ups out for other employees to see; and 4) by disciplining other drivers less harshly than Plaintiff
after Plaintiff and the other drivers got into separate motor vehicle accidents, and (5) denial of
A prima facie case of disparate treatment discrimination consists of four elements: 1) the
plaintiff belongs to a protected class; 2) the plaintiff was qualified to do the job; 3) the plaintiff
was subjected to an adverse employment action; and 4) the plaintiff’s employer “treated
similarly situated employees outside [his] class more favorably.” Crawford v. Carroll, 529 F.3d
961, 970 (11th Cir. 2008). Importantly, “Title VII is neither a general civility code nor a statute
making actionable the ordinary tribulations of the work place.” Cotton v. Cracker Barrel Old
Country Store, Inc., 434 F.3d 1227, 1234 (11th Cir. 2006). Under Title VII, federal courts “do
not sit to second-guess the business judgment of employers.” Combs, 106 F.3d at 1543.
For the reasons discussed below, the court concludes that summary judgment is proper on
all of Plaintiff’s disparate treatment discrimination claims except his hours reduction claim.
a. Failure to Promote
i. Prima Facie Case
As a preliminary matter, the parties agree that failure to promote an employee qualifies as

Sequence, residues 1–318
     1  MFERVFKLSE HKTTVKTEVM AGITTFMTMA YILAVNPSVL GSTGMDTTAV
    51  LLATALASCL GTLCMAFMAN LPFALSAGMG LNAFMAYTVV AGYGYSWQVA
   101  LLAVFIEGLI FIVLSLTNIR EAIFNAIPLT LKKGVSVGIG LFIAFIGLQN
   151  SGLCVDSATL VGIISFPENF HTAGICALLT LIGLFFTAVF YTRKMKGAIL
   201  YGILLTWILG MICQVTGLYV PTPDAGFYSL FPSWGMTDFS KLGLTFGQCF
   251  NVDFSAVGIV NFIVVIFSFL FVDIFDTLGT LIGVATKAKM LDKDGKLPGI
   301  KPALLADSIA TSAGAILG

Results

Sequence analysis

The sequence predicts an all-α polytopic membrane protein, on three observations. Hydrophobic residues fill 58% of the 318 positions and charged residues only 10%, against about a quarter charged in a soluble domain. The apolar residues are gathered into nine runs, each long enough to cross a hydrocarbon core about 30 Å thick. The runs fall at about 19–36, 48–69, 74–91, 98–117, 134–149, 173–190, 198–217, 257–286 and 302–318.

an “adverse employment action” for purposes of Title VII and § 1981. (Doc. # 56 at 19–20.)
(Defendant concedes that alleging a failure to promote claim satisfies the “adverse employment
action” prong of a disparate treatment claim.) The court therefore proceeds to discuss whether
Plaintiff has met the remaining elements of a prima facie case for failure to promote disparate
treatment. For the reasons discussed below, the court concludes that he has not made his prima
facie case, but even if he had, he has not submitted evidence sufficient to create a fact issue as to
whether Defendant’s proffered legitimate reasons for promoting others over Plaintiff are
Within the specific context of a failure to promote claim:
[T]he plaintiff must prove the following four elements: 1) that she belongs to a
protected class; (2) that she was qualified for and applied for a job for which the
employer was seeking applicants; 3) that, despite her qualifications, she was